July pork exports to Canada increased 15% from a year ago to 16,615 mt, valued at $67 million (up 2%). Through July, exports to Canada were 11% above last year at 119,341 mt, though value fell 1% to $472.2 million.
Fueled by solid growth in the Philippines and Vietnam and surging demand from Malaysia, pork exports to the ASEAN region reached 43,689 mt through July, up 51% from a year ago, while value increased 26% to $103.5 million. Domestic production in the Philippines and Malaysia continues to be impacted by African swine fever. Opportunities for U.S. exporters have also increased due to tighter supplies of European pork.
Demand for U.S. pork has rebounded dramatically in both Australia and New Zealand, pushing January-July exports to 45,173 mt, up 74% from a year ago. Export value increased 64% to $159.1 million. While market access is limited, fresh/frozen U.S. pork may be imported for further processing and the region has a growing appetite for value-added processed U.S. pork products.
Exports to the Dominican Republic are on a record pace through July, totaling 60,518 mt (up 26% from a year ago) valued at $163.4 million (up 34%). Brazil was recently granted access for a few pork establishments, adding to competition from the United Kingdom, Canada and the European Union. However, the U.S. is the DR’s dominant pork supplier and the only one with zero-duty access through a free trade agreement.
In addition to the growth achieved in Mexico (see above), July exports of pork variety meat also increased year-over-year to the ASEAN, Canada, Korea, Central America and the Caribbean. This offset a decline to leading market China, though January-July exports to China are still on a record pace. July variety meat exports were up 6% to 48,057 mt, valued at $108.9 million (up 4%). January-July shipments established a record pace, totaling 345,070 mt, up 28% from a year ago, valued at $812.7 million (up 19%).
July pork export value equated to $65.38 per head slaughtered, down 3% from a year ago, while the January-July average increased 8% to $64.07. Exports accounted for 30.3% of total July pork production, up one percentage point from a year ago. For muscle cuts only, exports accounted for 25.5% of production, up from 24.7%. For January through July, these ratios were 29.9% of total production and 25.6% for muscle cuts, up from 26.8% and 23.6%, respectively, a year ago.
July beef exports climb to Mexico and Taiwan but most markets trend lower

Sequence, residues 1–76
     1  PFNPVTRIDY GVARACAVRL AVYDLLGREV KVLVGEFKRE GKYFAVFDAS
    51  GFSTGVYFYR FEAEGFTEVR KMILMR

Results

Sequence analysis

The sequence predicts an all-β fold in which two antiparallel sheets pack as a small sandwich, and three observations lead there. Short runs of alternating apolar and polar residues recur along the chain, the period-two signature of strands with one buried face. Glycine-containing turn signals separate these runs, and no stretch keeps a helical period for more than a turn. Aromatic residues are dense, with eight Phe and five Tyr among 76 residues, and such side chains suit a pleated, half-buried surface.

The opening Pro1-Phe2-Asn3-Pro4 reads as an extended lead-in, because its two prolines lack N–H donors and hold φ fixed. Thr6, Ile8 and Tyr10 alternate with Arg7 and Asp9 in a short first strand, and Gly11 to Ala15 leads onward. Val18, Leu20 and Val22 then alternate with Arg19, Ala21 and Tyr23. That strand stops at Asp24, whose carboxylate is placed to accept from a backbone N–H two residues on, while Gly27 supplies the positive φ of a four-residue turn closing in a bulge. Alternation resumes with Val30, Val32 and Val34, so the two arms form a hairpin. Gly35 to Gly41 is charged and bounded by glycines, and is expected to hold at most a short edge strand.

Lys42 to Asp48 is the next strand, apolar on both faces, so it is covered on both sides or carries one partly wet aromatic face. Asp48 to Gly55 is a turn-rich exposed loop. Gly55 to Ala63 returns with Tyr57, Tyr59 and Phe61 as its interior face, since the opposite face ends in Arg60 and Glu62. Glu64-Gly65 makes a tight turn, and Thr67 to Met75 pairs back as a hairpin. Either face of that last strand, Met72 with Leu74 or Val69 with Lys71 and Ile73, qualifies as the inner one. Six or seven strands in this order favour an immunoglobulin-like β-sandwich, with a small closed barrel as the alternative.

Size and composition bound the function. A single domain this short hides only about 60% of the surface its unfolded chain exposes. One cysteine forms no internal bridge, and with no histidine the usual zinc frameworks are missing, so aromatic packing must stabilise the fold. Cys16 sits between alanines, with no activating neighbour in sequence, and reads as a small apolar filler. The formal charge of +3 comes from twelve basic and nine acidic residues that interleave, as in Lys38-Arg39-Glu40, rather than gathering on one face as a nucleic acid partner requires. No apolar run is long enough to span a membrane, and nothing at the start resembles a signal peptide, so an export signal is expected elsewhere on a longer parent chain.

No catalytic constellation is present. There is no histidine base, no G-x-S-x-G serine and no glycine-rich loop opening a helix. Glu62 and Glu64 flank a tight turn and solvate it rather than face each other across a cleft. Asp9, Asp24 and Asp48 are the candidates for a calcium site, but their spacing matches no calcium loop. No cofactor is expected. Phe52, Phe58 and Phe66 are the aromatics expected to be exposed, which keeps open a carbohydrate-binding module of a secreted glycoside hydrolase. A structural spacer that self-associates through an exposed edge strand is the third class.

Beef exports to Mexico continued to gain momentum in July, climbing 31% from a year ago to 17,663 mt. Export value soared 55% in July, reaching $105.1 million. Through the first seven months of the year, exports to Mexico increased 17% to 117,834 mt, valued at $662.6 million (up 24%). Mexico is the leading volume destination for beef variety meat, and those exports have increased at a similar pace – up 18% in volume (61,762 mt) and 24% in value ($175.2 million).
After a slow start in 2023, beef exports to Taiwan have exceeded year-ago levels in three consecutive months. July exports to Taiwan climbed 15% to 5,298 mt, while value increased 2% to $52.2 million. Through July, exports to Taiwan remained 7% below last year’s record pace at 39,090 mt, valued at $379.8 million (down 23%).
Beef exports to Canada posted another strong month in July, with shipments climbing 12% from a year ago to 9,969 mt, valued at $87.2 million (up 17%). January-July exports to Canada increased 2% in both volume (61,933 mt) and value ($504.8 million).
Other January-July export results for U.S. beef include:
Beef exports to leading market South Korea slumped in July, down 24% from a year ago and the lowest volume since June 2020. Export value was $155.1 million, down 22% and the lowest since February. In addition to inflationary pressure affecting Korean consumers, transportation and economic activity was significantly impacted by heavy rain and flooding in some areas of Korea in mid-July (and again in early August). For January through July, exports to Korea totaled 151,095 mt, down 13% from last year’s record pace, valued at $1.24 billion (down 28%). On a positive note, beef variety meat exports to Korea have increased sharply this year in both volume (8,818 mt, up 65%) and value ($47.7 million, up 72%).